1 August 2014, by Tan Yi Lin
I checked in with a colleague recently on how she was coping with the perennial juggling act of handling career and motherhood.
After exchanging tales on how things were going for each other, she wrapped up the short sharing session with, “Being a mother is not easy huh? Take care. Remember, we mothers can do anything – or rather, that’s what we must believe and remind one another. This is how we can encourage one another.”
That has to be one of the NICEST things that a fellow mother has ever said.
That one statement alone summed up the best things that any mother can give to another: Acknowledgement. Empathy. Encouragement.
In contrast, how many times have we received the following from fellow women whom we thought would be in the best position to understand what we are going through?
Questioning personal choices…
Issuing unsolicited advice…
Drawing comparisons with other mothers…
As a new mother, I used to share openly with all and sundry about my new motherhood experiences. Almost 3 years on, I’ve whittled my audience down to only a close circle of girlfriends whom I know would truly understand how this motherhood gig was going for one another – my tight trio of IVF girls, a few colleagues who share my life as a working mum and of course, my own mother and mother-in-law.
These women are not my sisters in motherhood because we share the same ideas. We are close because we listen and empathise with one another, and acknowledge views and parenting decisions that differ from our own. Some of us did total breastfeeding, some gave our babies formula. Some co-sleep with their babies, others don’t. Some believe in the benefits of an early start in pre-school, the rest choose to let their kids start school later. Some send their children to music, language and other enrichment classes, some don’t see the need to. In short, we can agree to disagree when it comes to parenting decisions.
The key thing is to keep an open mind and our exchanges, open. There is nothing worse than uninvited comments that draw lines, build walls and make people clam up.
Raise your hand if you have been on the receiving end of any of the following:
“But YOU have…”
Oh, I get this all the time simply because I live with my parents, who in turn have a helper, and they help me in caring for the girls. Once, soon after Claire was born, a friend enquired how Dan and I were coping with an 18 month-old and a newborn. “We’re doing okay with the baby care,” I replied, “but managing 2 kids really sucks up all our time – we hardly have time for each other.”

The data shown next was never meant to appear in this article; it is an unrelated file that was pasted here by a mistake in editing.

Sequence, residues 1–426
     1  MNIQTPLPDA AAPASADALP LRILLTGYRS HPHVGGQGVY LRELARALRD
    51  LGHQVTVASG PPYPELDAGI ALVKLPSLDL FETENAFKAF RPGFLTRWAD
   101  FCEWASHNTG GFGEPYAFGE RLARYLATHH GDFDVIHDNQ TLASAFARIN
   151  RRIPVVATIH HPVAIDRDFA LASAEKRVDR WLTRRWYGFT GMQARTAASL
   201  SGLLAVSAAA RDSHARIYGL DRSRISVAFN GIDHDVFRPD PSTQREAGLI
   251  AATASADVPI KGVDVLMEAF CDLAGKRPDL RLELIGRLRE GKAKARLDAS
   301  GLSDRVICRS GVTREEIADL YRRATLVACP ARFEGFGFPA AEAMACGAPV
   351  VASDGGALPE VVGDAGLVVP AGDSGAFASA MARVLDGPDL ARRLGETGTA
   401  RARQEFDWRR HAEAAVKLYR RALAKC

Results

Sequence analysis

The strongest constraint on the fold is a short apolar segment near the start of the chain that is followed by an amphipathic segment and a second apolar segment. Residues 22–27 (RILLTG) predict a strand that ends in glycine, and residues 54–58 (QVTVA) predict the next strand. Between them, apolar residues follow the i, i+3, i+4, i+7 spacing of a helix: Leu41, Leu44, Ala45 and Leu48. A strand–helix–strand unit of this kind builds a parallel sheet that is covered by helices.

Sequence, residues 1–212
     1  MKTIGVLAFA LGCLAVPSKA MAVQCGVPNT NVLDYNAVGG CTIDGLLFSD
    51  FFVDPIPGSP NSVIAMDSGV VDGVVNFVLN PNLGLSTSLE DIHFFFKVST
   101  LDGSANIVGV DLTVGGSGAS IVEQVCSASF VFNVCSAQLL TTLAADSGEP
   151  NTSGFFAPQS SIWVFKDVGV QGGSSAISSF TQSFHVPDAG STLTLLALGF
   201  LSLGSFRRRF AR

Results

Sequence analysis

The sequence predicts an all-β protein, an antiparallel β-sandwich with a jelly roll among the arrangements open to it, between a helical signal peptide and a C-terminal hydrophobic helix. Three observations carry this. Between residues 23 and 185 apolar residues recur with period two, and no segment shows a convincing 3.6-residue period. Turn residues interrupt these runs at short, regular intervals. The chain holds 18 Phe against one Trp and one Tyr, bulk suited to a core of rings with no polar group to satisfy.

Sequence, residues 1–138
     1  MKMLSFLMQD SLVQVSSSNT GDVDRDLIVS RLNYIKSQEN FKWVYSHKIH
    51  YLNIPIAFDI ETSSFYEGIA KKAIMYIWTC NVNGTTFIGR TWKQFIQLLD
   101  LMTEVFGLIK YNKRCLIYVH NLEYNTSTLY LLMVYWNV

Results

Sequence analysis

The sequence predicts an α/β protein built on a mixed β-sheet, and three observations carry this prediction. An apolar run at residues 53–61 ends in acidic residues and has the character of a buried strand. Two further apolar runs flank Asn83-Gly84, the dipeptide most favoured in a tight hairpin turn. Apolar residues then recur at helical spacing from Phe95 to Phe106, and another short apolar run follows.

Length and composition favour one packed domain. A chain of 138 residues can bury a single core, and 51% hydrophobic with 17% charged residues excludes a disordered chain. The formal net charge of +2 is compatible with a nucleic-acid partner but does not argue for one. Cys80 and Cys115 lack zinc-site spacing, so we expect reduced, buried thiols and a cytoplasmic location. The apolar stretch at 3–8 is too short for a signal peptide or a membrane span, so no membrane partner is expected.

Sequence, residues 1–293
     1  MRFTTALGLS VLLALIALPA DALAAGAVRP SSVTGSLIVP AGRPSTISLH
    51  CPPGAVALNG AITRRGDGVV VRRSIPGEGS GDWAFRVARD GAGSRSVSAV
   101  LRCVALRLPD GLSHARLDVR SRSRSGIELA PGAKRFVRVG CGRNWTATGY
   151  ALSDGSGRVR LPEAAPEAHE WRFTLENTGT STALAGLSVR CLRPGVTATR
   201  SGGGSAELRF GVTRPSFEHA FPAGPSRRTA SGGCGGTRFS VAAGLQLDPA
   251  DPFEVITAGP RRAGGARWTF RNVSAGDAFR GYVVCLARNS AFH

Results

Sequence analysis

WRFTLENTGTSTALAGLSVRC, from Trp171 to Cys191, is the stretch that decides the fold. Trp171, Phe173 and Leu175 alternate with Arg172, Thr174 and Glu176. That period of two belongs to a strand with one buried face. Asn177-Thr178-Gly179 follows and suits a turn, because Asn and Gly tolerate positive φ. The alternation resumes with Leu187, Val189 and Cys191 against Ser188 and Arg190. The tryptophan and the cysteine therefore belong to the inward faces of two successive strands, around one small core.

The immediate response I got was, “But YOU have your parents to help you. So-and-so have to handle 2 kids on their own, you know!”
Well, yes, being the sole caregivers is undoubtedly harder, but a simple acknowledgement of our sharing – instead of drawing comparisons with “worse off” parents – would have been much appreciated.
While my parents, in-laws and extended family have been extremely supportive in our parenthood journey, Dan and I are still the key caregivers. We take on many responsibilities ranging from significant ones like education and discipline, to day-to-day tasks such as washing milk bottles. While we are immensely grateful for the help that we have, statements like these come across as putting down our parenting contributions and efforts.
Mention that kids’ stuff is taking over the house and the response is “But YOU have so much space. So-and-so has to squeeze everything into an apartment!”
Mention that you find some baby items expensive and the reaction is “But YOU already don’t have to spend money on accommodation. So-and-so has to pay for their own house!”
Uhhmm. Okaaaay. Firstly, people may have other types of financial commitments that they choose not to talk about. And secondly, just because someone doesn’t openly exalt the heavens on all social media platforms for each and every blessing received, it doesn’t mean that they aren’t counting them – like we do: quietly, deep in our hearts.
“You think this is bad? Just wait till…”
Ugh. Nothing worse than a know-it-all tone to shut down conversations.
I acknowledge that even the most unwanted advice usually stems from good intentions. Still, there’s a way of offering advice without coming across as being overbearing. I learnt how to do this graciously when relating Coco’s eczema situation to a friend, who kindly asked, “Would you be open to bringing her to this doctor?” When making suggestions, she also started her sentences with, “Could I recommend…”
What a gracious way of offering advice!
“Well, if this is tough, imagine how more difficult things are for full-time mums”
Oh? The last I checked, I am a full-time mum – just like every mother out there. We never stop mothering. Not for a single minute. We may not spend every waking (and sleeping) hour physically with our children but that doesn’t relegate us to being part-time mums. I think of mothers as rivers. We are always running a course known as ‘motherhood’. Sometimes, we meander off to do other things. But like how a river flows to the sea, we single-mindedly keep running in the direction that our role as a mother points us to. No matter which path it chooses, every river runs deep – deep with love.
Deep down, all mothers are the same. It just takes 3 simple words to bring us together: Acknowledgement. Empathy. Encouragement.